Switching now back to the vestibular system. To have a complete understanding of its function or dysfunction, one might think it is necessary to carry out a range of tests that would allow the frequency sensitivity of the vestibular system (‘vestibulo-gram’) to be established across the full operational range. However, a good history and basic clinical ‘bedside’ tests may be sufficient to either make a diagnosis and / or plan treatment for most patients. It is clearly unrealistic to develop a full vestibulo-gram for every patient with dizziness.
However, in the era of evidence based treatment, some patients will still require at least some objective tests to establish the status of their vestibular system and clarify whether their symptoms have a vestibular or non-vestibular cause. So, which vestibular test frequency has the greatest diagnostic capacity and accuracy? Which tests should be carried out? If you are lucky, either through fortunate inheritance or by design, you may have access to a range of balance testing equipment; if you are very lucky this will include a motorised rotating chair. The latter would allow you to carry out a rapid evaluation of the horizontal semi-circular canals over a range of frequencies. It is usually well tolerated and easy to modify in patients as required. In seven years of testing on our new system, only one patient tested has come close to being sick. Clearly passive horizontal whole body rotation tests (where the patient’s entire body is moved as opposed to active head rotation in which the patient voluntarily moves their own head) are limited in that they are used to assess only “20% of the vestibular system”.
However, depending on the type of system used, the rotating chair can be used to evaluate vestibular system frequency response from 0.01Hz to 1.28Hz, although testing above 1Hz involves additional technical challenges, specifically minimising relative movement between the patient’s head and their body. The peak velocity for each of these sinusoidal test frequencies can be as low as 30˚s-1 (as may be used for testing patients with motion sickness) to 120˚s-1 or higher (for patients with bilateral hypo-function).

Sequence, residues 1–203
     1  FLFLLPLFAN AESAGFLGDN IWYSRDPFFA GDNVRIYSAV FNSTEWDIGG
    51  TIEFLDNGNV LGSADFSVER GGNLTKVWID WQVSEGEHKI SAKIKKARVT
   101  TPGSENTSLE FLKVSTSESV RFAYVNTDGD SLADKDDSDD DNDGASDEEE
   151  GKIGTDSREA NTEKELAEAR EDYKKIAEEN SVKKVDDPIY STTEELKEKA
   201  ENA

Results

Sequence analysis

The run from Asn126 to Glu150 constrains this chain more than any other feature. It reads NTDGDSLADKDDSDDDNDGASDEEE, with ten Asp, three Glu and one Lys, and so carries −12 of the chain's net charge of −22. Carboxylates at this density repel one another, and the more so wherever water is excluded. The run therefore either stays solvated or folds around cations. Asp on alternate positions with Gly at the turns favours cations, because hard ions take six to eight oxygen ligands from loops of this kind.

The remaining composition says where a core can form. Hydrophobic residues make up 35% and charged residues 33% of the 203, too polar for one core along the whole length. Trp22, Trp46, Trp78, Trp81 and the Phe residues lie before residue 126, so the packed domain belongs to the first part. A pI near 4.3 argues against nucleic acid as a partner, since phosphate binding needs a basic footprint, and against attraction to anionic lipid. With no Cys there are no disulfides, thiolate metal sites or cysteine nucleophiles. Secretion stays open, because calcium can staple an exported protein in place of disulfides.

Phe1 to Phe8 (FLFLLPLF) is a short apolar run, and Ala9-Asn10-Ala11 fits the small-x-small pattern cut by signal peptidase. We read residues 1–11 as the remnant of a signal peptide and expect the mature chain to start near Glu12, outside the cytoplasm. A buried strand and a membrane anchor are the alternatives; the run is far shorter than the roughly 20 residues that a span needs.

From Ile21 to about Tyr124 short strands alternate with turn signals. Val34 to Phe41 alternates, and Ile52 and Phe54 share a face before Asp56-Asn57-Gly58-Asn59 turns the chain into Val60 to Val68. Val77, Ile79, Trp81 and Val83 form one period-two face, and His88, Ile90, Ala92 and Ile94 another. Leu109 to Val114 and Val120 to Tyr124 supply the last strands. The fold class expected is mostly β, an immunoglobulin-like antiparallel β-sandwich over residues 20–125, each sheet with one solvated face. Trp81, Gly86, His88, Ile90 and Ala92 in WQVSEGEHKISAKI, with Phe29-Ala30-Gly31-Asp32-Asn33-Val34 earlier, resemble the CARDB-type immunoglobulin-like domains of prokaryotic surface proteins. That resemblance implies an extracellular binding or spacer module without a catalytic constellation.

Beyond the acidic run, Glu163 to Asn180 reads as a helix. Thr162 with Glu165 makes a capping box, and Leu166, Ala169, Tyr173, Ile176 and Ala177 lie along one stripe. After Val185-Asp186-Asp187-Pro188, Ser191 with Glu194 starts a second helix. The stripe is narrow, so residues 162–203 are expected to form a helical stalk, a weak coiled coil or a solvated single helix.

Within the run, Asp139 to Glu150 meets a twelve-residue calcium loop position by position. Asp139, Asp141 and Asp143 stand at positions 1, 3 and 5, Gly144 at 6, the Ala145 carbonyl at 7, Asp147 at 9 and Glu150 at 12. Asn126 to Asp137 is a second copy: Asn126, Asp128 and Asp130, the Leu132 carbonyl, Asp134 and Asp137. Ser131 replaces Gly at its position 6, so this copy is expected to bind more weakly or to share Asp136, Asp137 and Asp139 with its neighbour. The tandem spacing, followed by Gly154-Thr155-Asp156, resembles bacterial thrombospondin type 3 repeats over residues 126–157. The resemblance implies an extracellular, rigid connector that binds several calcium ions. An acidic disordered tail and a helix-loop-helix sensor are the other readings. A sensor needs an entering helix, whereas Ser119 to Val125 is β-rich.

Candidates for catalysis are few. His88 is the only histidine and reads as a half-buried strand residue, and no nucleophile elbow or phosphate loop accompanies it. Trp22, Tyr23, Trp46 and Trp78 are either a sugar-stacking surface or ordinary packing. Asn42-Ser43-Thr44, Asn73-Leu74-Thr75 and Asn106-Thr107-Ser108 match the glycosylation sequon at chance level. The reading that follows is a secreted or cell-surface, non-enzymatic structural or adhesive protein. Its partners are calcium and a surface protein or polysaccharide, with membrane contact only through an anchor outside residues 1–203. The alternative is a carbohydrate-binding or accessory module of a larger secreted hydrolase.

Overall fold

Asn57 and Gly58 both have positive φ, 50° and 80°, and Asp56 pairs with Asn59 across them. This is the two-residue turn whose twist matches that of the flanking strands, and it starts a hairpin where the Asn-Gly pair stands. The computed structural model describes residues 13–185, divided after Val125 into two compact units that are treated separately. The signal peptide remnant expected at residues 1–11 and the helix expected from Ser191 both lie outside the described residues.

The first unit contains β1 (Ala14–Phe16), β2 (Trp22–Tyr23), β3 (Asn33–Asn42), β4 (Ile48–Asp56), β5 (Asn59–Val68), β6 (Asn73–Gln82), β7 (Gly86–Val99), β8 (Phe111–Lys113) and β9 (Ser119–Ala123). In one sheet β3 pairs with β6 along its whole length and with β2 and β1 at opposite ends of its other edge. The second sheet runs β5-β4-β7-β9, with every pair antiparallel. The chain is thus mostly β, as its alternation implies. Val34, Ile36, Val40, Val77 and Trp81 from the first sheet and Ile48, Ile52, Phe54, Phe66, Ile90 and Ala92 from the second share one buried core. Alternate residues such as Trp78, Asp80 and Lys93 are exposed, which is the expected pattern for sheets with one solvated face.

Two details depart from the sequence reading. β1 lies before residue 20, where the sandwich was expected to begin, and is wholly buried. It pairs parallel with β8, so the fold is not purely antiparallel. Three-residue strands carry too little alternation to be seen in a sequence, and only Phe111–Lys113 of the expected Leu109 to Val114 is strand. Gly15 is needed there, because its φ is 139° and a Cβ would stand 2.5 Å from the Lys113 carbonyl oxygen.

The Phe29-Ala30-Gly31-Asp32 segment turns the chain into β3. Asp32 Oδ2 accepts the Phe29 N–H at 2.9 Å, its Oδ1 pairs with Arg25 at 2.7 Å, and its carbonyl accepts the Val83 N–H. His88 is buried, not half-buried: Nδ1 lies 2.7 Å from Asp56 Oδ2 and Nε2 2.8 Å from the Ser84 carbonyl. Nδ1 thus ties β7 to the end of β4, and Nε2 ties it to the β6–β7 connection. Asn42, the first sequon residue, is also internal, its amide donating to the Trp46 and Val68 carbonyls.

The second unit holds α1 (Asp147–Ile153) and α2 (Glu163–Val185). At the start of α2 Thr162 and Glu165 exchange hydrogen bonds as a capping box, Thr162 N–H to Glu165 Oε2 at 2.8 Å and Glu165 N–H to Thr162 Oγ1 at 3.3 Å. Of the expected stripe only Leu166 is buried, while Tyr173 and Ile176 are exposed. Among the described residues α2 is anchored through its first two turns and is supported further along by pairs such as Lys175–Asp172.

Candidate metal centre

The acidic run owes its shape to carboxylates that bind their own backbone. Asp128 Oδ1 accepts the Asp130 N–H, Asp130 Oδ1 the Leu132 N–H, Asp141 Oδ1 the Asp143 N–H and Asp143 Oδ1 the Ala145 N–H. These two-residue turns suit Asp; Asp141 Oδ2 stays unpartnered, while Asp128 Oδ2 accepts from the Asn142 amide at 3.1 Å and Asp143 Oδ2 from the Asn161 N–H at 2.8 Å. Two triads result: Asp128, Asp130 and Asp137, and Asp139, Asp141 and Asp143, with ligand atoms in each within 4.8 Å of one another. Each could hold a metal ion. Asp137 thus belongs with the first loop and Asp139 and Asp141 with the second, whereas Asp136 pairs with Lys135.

From our audit of 1500 patients, the highest diagnostic yield for uPVD (33.9%) was derived from testing at either a low frequency of 0.01 Hz (motorised chair) or even lower frequency equivalence of 0.003 Hz (the caloric test1). The diagnostic yield for uPVD at higher test frequencies is relatively small (4.2% at 0.32Hz). Perhaps the rumour of the demise of the caloric test in the era of objective head thrust test is either incorrect or at best premature. Testing patients with suspected bilateral vestibular failure, residual function can be established with the rotating chair, e.g. a patient may have abnormal responses at low frequency sinusoidal rotations (e.g. 0.01Hz) but normal at higher frequencies (e.g. 0.28Hz).
If you decide to take your patients for a spin, a basic test battery might include the following:
- Impulsive rotation with a peak velocity of 60˚s-1, measuring the per- and post- rotation responses to clockwise and counter-clockwise.
- Sinusoidal rotations with a peak velocity of 60˚s-1 over a range of frequencies, e.g. 0.01, 0.02, 004, 0.08, 0.16, 0.32, 0.64 Hz.
- Repeating the sinusoidal tests at 0.08 or 0.16Hz with fixation to assess VOR suppression.
- By projecting a more complex static pattern across the patient’s full field of vision (e.g. stripes or random pattern of circles), one can assess the interaction between optokinetic nystagmus and rotational VOR and thereby have a measure of VOR enhancement. This parameter has been useful in the evaluation of patients with visual dependency (‘visual vertigo’).